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When Zaineb arrives in the U.S. from Pakistan, she faces pressure to abandon her cultural beliefs. (full text)
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The Moon Festival celebration reminds Chun Lar of the family and traditions she’s left behind in China. (full text)
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At a high school for immigrants, Sandra feels comfortable enough to master English. (full text)
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Zeena slowly realizes that the abuse she gets from her parents isn’t just part of their culture—it’s wrong. (full text)
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Sue’s boyfriend tells her that if she were a “real” Korean girl, she would listen to him when he told her what to do. (full text)
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On the subway to Queens one day, Anna remembers taking the same ride when she was just eight years old and in America for only two months. She reflects back on what she has gained and lost as an immigrant from Korea, but as her ride ends she knows she's finally home. (full text)
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Edwidge describes the bewilderment, culture shock, and stereotypes she faces on arriving in the U.S. from Haiti at 12. She will later credit this essay with helping to inspire her novel Breath, Eyes, Memory, which became a New York Times bestseller. (full text)
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More unaccompanied minors than ever before are coming to the United States from other countries. Many end up in foster care, and this issue features their stories. (full text)
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Esther has to flee political violence in the Democratic Republic of Congo after her parents are killed. She travels across many countries to the U.S., where she finds refuge. (full text)
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Kaylee has worked with refugees for 12 years, helping connect them to families who can help them. Then she hears about Esther and decides to be her foster mom. (full text)
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JCCA's unaccompanied minors program gives asylum-seeking youth stability and care. Staff Dalia Johnson and Emmie Surinach share how they prepare young immigrants for life in the U.S. (full text)
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The writer makes wise decisions on his perilous journey crossing borders, deserts, and rivers to reunite with his parents in New York City. (full text)
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Juan goes to work at age 14 in Guatemala, but he can't make enough to support his family. He immigrates to the U.S. and ends up in foster care. (full text)
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The author, who has a son, doesn't learn until she's 19 that she doesn't have a green card. She scrambles to get that before she ages out. (full text)
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The author attends an International high school after immigrating from El Salvador. He speaks little English, but slowly makes friends from all over the world. (full text)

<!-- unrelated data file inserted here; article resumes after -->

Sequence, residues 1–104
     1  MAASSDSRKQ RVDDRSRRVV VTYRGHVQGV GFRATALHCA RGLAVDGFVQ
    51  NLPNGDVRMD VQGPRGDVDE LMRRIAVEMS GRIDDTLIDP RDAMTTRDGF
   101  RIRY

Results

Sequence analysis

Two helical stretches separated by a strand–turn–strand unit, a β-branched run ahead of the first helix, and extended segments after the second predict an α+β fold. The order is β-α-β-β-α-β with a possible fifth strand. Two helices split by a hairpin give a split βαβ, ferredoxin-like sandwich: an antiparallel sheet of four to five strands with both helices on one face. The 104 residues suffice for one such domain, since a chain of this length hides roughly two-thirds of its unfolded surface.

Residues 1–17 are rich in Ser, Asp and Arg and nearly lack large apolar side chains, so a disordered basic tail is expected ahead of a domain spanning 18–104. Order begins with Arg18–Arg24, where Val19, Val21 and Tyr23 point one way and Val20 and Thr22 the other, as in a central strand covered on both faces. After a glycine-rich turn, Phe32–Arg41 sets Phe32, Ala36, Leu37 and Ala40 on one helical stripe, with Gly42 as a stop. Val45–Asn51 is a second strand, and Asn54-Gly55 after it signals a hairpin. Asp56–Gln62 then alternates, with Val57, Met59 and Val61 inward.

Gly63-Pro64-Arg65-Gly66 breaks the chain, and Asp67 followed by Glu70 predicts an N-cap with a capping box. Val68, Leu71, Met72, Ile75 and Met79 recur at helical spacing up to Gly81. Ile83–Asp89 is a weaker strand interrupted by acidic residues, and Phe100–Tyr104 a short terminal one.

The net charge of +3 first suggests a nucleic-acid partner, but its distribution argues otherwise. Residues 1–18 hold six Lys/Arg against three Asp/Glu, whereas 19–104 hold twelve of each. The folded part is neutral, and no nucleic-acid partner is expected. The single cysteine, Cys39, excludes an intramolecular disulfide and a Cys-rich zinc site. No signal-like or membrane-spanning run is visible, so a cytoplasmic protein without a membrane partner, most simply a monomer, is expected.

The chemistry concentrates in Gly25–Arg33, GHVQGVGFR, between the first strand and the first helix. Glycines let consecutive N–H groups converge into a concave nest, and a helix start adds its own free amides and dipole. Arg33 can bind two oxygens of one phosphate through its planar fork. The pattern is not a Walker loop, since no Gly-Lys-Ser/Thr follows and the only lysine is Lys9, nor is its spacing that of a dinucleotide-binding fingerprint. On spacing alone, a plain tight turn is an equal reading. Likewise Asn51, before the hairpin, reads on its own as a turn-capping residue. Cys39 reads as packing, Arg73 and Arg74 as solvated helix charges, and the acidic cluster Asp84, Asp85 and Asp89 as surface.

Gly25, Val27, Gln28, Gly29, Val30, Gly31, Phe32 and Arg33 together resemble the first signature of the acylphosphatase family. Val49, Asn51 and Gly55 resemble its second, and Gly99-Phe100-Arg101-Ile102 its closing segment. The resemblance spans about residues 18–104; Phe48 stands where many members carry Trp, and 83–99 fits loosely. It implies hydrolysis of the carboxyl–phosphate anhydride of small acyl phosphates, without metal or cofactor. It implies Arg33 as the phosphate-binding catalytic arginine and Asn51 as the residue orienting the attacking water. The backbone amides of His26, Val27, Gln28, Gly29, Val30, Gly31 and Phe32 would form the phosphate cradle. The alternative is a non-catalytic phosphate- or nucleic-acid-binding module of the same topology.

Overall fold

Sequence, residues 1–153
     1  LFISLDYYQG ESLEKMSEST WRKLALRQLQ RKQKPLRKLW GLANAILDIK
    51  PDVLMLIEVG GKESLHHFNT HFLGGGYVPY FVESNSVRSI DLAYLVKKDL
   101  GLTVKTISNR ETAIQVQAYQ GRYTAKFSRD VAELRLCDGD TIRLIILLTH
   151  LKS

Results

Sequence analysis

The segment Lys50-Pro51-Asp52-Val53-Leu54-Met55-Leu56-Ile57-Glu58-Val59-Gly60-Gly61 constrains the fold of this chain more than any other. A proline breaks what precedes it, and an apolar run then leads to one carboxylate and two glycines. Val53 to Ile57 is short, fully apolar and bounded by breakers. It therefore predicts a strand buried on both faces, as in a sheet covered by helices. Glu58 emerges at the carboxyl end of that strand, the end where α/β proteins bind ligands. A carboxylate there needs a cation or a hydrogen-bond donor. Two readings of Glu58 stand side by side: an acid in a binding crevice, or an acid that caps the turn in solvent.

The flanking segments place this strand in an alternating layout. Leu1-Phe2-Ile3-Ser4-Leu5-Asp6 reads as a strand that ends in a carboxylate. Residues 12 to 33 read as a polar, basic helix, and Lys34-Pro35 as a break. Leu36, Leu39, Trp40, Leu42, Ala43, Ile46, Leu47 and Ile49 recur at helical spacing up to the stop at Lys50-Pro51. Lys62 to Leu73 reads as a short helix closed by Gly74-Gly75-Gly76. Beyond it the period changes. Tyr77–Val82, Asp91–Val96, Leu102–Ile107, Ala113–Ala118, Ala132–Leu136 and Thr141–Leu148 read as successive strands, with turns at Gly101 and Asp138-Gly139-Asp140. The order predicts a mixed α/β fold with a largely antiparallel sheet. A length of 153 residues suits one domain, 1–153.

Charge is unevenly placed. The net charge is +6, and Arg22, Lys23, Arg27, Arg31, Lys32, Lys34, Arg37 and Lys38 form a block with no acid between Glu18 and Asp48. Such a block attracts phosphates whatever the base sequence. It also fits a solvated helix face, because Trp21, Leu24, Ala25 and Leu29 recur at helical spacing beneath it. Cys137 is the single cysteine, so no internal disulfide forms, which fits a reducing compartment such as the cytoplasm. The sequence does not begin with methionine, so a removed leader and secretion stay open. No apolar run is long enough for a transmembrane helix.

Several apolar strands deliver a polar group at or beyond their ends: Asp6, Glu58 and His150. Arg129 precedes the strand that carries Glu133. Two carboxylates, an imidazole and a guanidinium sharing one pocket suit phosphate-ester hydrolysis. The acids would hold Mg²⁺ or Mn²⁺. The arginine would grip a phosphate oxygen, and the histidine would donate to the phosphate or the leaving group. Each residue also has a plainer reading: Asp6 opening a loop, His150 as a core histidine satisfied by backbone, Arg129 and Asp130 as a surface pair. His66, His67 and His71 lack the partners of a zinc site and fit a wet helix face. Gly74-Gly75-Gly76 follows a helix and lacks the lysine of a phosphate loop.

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A lawyer from Lawyers for Children explains what rights undocumented foster children have and different visas and other paths to citizenship for immigrant youth in care. (full text)
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The author immigrated from Africa and ended up in foster care. She learns English and the subway system and gets a job as a (compassionate) home health aide. (full text)
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Three therapists who have worked with recent immigrants write about what their clients have been through and what therapeutic approaches help them adjust to their new lives. (full text)
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Resources for immigrants to get help and volunteer opportunities to help immigrants (full text)
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Elvia Victorio works a lot, including as a professional photographer on the weekend. She shares pictures of the rodeos she shoots every Sunday, featuring other hard-working Hispanic immigrants. (full text)
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Sabatine, who's not in care, nonetheless has a traumatic upheaval when her family moves from Haiti to New York City. (full text)
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The author, who has a son, doesn't learn until she's 19 that she doesn't have a green card. She scrambles to get that before she ages out. (full text)
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The author, born biologically male, never doubts that she's truly female. She travels from Mexico to New York and from bullied boy to confident woman. (full text)
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The writer's mother leaves her with grandparents in Honduras and moves the U.S. to make a better life. When the writer joins her mother in New York at age 8, she feels little connection with her. (full text)
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Keily interviews an attorney about the legal rights of undocumented immigrants in foster care. (full text)